OTHER COMMON NAMES: CAROLINA BASSWOOD, BASSWOOD, LIME TREE, WHITEWOOD, BEE BASSWOOD, FLORIDA LINDEN, FLORIDA BASSWOOD, KENDEL BASSWOOD, LIME BLOSSOM TREE
Tilia americana var. caroliniana (TILL-ee-ah ah-mer-ah-CON-ah care-ah-len-ee-AYN-ah)
Tiliaceae (Linden Family)
Deciduous shade tree
HEIGHT: 40 to 90 feet SPREAD: 25 to 35 feet FINAL SPACING: 20 to 30 feet
NATURAL HABITAT AND PREFERRED SITE: Carolina basswood is native to east Texas and a small area in central Texas but it seems to grow well in a wide variety of soils. Grows natively north and west of San Antonio.
IDENTIFICATION INFORMATION: Carolina basswood is a large tree with an irregular rounded top with large heart-shaped leaves and pleasant fragrance in the spring. The introduced lindens are straight trunked and symmetrical and neat in appearance in most cases. The native Carolina basswood tends to be more irregular in form. They also tend to be multi-trunked and sucker from the base.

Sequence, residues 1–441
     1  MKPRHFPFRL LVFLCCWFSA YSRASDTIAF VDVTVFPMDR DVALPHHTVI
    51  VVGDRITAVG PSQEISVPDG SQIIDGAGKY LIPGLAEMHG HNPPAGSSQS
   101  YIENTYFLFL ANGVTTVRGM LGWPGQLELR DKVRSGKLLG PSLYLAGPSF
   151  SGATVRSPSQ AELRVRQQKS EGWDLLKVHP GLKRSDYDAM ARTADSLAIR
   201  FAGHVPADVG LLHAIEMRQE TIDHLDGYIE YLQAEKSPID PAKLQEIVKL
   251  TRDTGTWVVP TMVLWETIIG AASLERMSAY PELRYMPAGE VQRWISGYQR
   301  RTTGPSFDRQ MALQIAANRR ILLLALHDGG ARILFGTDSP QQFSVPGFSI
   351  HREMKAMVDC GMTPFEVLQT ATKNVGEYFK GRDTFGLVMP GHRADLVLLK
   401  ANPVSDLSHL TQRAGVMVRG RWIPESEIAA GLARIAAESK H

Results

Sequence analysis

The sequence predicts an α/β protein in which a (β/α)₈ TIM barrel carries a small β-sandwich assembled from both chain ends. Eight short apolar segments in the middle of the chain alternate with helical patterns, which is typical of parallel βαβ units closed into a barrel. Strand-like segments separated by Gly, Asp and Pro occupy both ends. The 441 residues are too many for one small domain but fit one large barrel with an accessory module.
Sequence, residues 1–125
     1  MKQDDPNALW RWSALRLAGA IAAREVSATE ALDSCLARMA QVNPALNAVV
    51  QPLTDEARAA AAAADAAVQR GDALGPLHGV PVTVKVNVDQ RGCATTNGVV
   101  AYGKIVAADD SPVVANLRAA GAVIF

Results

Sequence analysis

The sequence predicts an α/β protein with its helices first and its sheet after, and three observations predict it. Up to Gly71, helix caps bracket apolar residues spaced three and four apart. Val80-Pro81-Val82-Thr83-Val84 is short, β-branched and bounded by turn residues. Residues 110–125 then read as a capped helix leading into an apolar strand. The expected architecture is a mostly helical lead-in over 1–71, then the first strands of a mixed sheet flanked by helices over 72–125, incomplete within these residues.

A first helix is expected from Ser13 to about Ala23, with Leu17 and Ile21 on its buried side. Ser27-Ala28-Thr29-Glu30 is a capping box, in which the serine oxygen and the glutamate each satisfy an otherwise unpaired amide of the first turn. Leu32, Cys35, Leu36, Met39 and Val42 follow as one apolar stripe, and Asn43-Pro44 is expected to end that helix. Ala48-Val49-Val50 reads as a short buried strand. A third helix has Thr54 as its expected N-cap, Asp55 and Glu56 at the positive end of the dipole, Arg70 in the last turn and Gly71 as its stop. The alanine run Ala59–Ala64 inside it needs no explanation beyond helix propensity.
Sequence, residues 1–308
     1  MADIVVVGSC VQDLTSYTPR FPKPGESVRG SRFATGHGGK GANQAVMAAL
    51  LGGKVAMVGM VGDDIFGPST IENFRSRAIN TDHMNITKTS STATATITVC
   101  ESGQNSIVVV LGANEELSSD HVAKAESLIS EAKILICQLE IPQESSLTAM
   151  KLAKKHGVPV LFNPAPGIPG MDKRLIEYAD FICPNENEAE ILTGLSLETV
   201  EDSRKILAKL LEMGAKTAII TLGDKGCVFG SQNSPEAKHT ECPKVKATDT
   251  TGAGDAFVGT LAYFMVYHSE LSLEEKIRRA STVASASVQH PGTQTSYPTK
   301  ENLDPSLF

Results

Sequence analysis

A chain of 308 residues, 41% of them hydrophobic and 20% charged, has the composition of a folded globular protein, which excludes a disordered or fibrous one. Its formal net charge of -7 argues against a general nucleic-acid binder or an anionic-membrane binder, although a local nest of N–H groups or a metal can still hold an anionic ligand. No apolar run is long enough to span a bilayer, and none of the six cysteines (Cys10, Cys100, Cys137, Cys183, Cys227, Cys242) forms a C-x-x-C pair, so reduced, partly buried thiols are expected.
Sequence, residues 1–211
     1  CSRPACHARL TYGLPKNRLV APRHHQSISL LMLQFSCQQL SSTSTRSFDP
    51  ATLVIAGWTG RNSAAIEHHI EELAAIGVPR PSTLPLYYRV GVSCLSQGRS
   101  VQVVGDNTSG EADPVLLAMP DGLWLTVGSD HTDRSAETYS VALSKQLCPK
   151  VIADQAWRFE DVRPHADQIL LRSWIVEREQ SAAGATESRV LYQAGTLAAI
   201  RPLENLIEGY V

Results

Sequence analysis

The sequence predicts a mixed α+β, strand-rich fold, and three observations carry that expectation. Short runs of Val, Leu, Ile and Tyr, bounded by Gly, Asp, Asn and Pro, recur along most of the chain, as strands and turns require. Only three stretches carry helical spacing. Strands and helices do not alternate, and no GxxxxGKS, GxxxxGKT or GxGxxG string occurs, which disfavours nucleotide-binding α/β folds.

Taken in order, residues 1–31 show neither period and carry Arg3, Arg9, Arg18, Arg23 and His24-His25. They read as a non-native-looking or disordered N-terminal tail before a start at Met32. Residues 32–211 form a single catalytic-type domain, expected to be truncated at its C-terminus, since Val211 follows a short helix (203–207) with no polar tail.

FLOWERS AND FRUIT: Flowers are suspended from papery bracts that look like leaves. They are small, fragrant, off-white, 5 petaled flowers in drooping clusters. Fruit is a winged hard capsule with 1 or 2 seed called nutlets.
BARK: Gray with shallow fissures and flat ridges.
FOLIAGE: Alternate, simple, deciduous, heart-shaped leaves with yellow fall color. Leaves have a lopsided or flattened base, pointed tip and toothed margins. Leaves are similar to that of red mulberry, Morus rubra but mulberry leaves are often lobed and symmetrical at the base.
CULTURE: Carolina basswood is easy to grow in most soils given moderate to average moisture and requires very little fertilization. Fairly rapid growing.
PROBLEMS: Aphids sometimes and some leaf eating insects when the plant is in any kind of stress at all.